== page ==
State and federal laws govern public use and access with service dogs. However, general ignorance of the ADA by gatekeepers of public access, coupled with the seeming absence of the law and the lack of a government-issued ID tag for the dog cause many PSD owners grief when they attempt to enter restaurants, movie theaters, etc., and find themselves and their dogs illegally barred from entry. An emotional support animal (ESA), in contrast to a PSD, is not necessarily trained and may be used for companionship and calming physical presence more than anything else. Under the Fair Housing Act, persons with disabilities may have an “emotional support animal,” even in no-pets housing. In contrast to emotional support dogs, therapy dogs and pets, a psychiatric service dog (PSD) must be owned and operated by a single disabled individual. Joan Esnayra, Ph.D., who coined the phrase “psychiatric service dog” and founded the Psychiatric Service Dog Society (www.psychdog.org), contrasts pet ownership with PSD ownership: “The real medicine of PSD ownership is the relationship or bond that the owner enjoys with the dog. With a PSD, the relationship is 24/7. This ‘joined-at-the-hip’ lifestyle fosters a stronger, more therapeutic bond than one gets from occasional interactions with a family pet.”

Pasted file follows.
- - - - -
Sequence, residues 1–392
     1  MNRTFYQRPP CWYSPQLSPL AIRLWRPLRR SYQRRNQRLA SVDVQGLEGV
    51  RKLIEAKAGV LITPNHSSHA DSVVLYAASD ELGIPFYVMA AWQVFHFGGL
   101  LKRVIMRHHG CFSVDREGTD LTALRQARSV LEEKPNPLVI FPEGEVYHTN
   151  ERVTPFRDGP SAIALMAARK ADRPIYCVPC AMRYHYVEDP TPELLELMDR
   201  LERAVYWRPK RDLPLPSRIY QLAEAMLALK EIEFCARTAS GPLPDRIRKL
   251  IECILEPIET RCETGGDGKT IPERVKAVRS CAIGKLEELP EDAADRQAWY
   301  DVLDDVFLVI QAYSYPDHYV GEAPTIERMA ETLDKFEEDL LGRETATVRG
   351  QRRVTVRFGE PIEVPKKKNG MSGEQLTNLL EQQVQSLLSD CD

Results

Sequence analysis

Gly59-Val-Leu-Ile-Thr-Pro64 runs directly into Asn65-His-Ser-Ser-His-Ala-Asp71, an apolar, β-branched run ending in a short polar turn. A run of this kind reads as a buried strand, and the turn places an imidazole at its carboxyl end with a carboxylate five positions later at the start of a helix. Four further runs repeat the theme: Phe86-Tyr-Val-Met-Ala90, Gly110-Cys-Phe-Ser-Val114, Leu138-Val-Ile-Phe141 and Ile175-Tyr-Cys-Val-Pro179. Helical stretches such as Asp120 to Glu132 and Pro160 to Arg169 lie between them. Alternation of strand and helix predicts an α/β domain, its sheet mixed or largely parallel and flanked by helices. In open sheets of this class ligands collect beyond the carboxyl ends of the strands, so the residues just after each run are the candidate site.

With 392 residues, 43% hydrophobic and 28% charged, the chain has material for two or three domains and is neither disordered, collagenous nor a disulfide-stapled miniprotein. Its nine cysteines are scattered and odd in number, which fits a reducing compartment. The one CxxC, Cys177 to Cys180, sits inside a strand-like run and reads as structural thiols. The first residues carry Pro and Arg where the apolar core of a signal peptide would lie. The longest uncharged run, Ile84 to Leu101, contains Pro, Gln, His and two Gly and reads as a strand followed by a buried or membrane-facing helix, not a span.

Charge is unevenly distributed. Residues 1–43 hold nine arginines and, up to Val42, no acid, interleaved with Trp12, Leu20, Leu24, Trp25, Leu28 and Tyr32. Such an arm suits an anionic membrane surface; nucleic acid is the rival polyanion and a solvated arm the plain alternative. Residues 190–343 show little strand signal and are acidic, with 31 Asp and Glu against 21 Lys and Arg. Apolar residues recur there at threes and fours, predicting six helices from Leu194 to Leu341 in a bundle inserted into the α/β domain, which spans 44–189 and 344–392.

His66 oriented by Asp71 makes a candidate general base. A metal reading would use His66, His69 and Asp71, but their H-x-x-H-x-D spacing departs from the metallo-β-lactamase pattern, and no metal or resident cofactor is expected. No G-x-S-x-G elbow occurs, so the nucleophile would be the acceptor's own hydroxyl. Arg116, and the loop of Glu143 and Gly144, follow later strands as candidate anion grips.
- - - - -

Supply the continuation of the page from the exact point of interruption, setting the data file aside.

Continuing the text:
Thirty-three-year-old Carey Ivey, of Dayton, Ohio, says the 24/7 relationship is crucial. “Medication, therapy, exercise, and two pet dogs, whom I love dearly, didn’t help enough,” she notes. “With Asta [her rottweiler PSD], I’ve been able to return to college part time— a dream I’ve had since high school. Asta is my rock. She performs special tasks, and gives me emotional, physical and psychiatric support. I can’t imagine life without her.” Asta was Ivey’s pet before she decided to train her dog to be a PSD. The pairing has worked so well, she’s even been able to reduce her medication dosages “…with my doctor’s approval, of course!”
PSD owner Brenda Bryant, 44, of Aurora, CO, comments, “One symptom of major depression is lethargy. But when you take on the commitment of caring for your dog, you are forced to take on its needs, feedings, bathroom breaks, and playtimes. You gain from this, and your depressed phases aren’t so low as before.”
See the table below for examples of the tasks a PSD may be trained to perform.
As for training, “It’s a two-way street,” says Esnayra. “At first, the owner trains the dog, but over time the dog begins to train the owner—cultivating the owner’s insight and body-awareness of developing mental health symptoms.” The unconditional love from a dog—sometimes coupled with training—can make a tremendous difference in the happiness and quality of life for many people. And I’ll just bet that all that love flows right back to the dog—don’t you think?
“Dogs Can Help Alleviate Depression” by Dave Morton is reprinted with permission from SAVE-Suicide Awareness Voices of Education.